Knicks forward Julius Randle looks on in the second half...

Knicks forward Julius Randle looks on in the second half of an NBA game against the Jazz at Madison Square Garden on March 20. Credit: Kathleen Malone-Van Dyke

Last season, Julius Randle reveled in the adoration from the Madison Square Garden crowd once fans were allowed in, chants of “MVP” showering down on him as a reward for a job well done.

But this season as Randle has gone from an outlier second-team All-NBA player to a struggling and frustrated shell of that player, the response has been far different from the home crowd. There are regular boos, maybe reaching a peak Monday against Chicago, and regular cries of, “Obi” for his backup, Obi Toppin.

And when a 1-for-9 shooting night that had him on the bench for much of the fourth quarter Monday was over and the Knicks were gathering on the court to celebrate a fourth straight victory, Randle grabbed a rebound as time expired and flung the ball in the air behind him and walked directly to the locker room.

The body language was awful. The frustration was clear. But the cause or the effect was uncertain, but it was enough that a New York radio station claimed that according to an unconfirmed report Randle asked the Knicks front office for a trade following the game.

Randle didn’t speak after the game Monday and Knicks coach Tom Thibodeau was left to address the rumor and the frustrations before Wednesday night’s game against the Charlotte Hornets at Madison Square Garden.

“Are you serious?” Thibodeau said. “Are you serious? C’mon. You know I’m not going to respond to something like that anyway. Let’s be real.”

Strong, but also not a denial. So Thibodeau was asked a follow-up: To your knowledge does Randle want remain in New York?

“Yeah, so as a coach, you coach the players that you have,” Thibodeau said, again not directly addressing the question. “And you love them all. And I do. If you play for me, I love you. It’s really that simple. The challenge for us is to bring the best out of each other.”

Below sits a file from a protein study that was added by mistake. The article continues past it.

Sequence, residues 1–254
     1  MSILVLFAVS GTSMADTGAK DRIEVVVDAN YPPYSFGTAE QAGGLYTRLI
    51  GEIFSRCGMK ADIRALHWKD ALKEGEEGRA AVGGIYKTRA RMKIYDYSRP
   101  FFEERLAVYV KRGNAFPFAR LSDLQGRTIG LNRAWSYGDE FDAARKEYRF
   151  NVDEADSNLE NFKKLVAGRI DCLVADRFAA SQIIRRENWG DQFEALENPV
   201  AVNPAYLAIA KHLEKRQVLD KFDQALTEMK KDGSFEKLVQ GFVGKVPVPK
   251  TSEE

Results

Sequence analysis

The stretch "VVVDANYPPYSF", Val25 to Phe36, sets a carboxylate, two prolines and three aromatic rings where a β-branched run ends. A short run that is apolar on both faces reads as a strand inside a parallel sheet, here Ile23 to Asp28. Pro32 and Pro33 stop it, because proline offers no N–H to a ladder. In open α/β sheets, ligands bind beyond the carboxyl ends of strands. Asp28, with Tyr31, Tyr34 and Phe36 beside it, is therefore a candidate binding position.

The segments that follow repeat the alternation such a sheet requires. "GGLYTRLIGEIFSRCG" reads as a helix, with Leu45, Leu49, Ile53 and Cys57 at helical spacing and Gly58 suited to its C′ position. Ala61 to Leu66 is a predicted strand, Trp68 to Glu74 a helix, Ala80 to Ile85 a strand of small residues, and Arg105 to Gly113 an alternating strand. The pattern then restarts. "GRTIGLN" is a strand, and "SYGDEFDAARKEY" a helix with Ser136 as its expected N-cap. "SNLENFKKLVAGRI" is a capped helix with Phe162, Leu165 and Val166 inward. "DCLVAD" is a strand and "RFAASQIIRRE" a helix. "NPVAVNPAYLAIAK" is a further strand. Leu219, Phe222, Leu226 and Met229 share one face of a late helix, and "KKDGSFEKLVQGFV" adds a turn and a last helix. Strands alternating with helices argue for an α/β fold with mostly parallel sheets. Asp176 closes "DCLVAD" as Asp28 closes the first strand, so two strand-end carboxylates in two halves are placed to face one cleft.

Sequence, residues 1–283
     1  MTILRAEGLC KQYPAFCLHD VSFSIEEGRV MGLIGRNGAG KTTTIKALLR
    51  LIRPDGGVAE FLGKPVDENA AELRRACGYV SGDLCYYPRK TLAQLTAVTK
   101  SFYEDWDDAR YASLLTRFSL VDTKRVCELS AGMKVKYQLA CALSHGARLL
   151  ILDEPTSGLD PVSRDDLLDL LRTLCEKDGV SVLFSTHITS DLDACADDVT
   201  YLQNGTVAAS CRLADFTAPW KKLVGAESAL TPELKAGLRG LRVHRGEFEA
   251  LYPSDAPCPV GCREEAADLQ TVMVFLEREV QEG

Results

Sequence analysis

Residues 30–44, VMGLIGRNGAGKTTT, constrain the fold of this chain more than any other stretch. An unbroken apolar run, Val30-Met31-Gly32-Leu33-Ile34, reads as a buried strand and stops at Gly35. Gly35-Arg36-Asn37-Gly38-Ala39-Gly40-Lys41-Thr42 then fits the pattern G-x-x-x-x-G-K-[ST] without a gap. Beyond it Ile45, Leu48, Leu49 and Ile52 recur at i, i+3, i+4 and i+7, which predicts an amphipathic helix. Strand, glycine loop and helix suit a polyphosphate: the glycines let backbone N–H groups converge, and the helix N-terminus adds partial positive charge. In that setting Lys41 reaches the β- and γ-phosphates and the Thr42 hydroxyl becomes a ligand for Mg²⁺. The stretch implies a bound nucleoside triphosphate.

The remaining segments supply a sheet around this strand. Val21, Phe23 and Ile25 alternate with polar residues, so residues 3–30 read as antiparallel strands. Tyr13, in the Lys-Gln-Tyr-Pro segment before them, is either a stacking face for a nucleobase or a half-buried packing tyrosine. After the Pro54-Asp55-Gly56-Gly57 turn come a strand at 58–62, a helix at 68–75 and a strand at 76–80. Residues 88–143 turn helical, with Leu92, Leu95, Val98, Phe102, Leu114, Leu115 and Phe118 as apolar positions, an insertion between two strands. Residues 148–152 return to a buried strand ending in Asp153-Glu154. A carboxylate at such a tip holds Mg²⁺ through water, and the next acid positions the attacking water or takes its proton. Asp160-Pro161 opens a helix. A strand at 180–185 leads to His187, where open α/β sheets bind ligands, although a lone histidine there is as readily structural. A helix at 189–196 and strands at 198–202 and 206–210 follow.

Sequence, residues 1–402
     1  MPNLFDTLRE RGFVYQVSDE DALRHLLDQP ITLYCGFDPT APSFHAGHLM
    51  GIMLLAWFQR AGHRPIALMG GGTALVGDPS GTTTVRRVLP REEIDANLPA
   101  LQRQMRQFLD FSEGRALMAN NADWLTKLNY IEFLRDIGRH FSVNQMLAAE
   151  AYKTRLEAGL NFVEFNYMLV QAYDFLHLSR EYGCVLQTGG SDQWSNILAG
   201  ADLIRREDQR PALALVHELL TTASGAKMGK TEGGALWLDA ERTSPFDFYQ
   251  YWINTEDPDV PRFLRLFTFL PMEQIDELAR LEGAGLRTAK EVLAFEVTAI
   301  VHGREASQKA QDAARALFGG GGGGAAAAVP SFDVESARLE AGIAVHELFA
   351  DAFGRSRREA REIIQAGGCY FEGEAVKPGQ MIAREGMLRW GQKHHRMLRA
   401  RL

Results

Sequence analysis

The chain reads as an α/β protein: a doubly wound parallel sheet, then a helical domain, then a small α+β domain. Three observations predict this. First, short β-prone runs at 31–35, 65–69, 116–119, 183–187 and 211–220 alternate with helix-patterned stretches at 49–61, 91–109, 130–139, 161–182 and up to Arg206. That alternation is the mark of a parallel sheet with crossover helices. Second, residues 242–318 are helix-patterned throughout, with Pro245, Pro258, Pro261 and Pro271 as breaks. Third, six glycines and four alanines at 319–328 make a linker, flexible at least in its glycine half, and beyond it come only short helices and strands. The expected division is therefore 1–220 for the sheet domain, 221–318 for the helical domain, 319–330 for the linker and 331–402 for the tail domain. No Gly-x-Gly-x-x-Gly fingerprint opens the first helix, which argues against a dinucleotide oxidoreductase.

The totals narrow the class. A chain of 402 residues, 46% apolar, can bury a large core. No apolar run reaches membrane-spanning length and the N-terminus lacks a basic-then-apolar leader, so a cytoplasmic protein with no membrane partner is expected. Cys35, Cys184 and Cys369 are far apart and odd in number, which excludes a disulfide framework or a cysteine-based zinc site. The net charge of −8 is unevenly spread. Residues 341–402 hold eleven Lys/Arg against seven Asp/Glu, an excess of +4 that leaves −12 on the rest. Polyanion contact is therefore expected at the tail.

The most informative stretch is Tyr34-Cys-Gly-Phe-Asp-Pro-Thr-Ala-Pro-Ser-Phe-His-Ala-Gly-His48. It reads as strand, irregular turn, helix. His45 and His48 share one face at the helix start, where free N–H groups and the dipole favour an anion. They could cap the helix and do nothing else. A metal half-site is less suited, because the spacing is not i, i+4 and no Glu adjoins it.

Thibodeau may love Randle and all of his players, but the bigger problem is twofold: Does Randle love New York and will New York love him?

The Knicks showed him the love as a reward for last season, signing him in the summer to a four-year extension worth at least $106 million (bonuses could raise it to as much as $117 million, but he’s likely lost some of those incentives already this season). Now, that contract, while not completely out of line with a player since he is still averaging 20.1 points, 10 rebounds and 5.1 assists, is just an added point of emphasis for the fans to gripe.

Randle has been one thing in his Knicks career and that is available — the three games he missed with a sore right quadriceps tendon last week were more than he had missed due to injury in his three seasons combined in New York. But he has been there in body, but sometimes it seems as if he is not in spirit. He has been fined by the NBA for numerous infractions, including obscenities directed at the fan base.

“Well, look, every year is different,” Thibodeau said. “You’re faced with new and different challenges. There are a lot of things — this year didn’t go like last year did. Hopefully we can finish up like we did last year. Things change all the time. They can change from going real good to bad quickly and they can go from being not as good as you would like to great real quick, also. Just keep going. I think it goes with the turf. You’re going to get a lot of credit. You’re going to get a lot of blame. That’s the way it works here. Stay focused, come in the next day and just keep working. Just keep working.

“Hey look. This is the best place in the league to play and I’ve been just about every place. So I’m speaking from experience. This place is special. The fans are passionate. We know what basketball means to this city. We’ve got to give them something to be proud of. We’ve got to come out, we’ve got to play hard. We’ve got to play for each other, we’ve got to play smart. And if we do that, sometimes you could lose a game and play well. You’ve got to remember; the other team’s pretty good too. Last year was different, was a different year. We never really got hit with COVID last year. We got hit with COVID this year. So there’s a lot of things that go into it. But you’ve got to keep battling with it every day. And that’s where it lies.”

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